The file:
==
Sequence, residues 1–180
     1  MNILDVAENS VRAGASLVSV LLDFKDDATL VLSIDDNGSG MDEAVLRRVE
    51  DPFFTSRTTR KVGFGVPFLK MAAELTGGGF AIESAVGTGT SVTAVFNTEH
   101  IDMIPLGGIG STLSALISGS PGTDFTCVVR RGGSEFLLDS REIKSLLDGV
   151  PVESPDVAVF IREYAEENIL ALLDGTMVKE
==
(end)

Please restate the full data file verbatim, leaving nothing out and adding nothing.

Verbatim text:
Sequence, residues 1–180
     1  MNILDVAENS VRAGASLVSV LLDFKDDATL VLSIDDNGSG MDEAVLRRVE
    51  DPFFTSRTTR KVGFGVPFLK MAAELTGGGF AIESAVGTGT SVTAVFNTEH
   101  IDMIPLGGIG STLSALISGS PGTDFTCVVR RGGSEFLLDS REIKSLLDGV
   151  PVESPDVAVF IREYAEENIL ALLDGTMVKE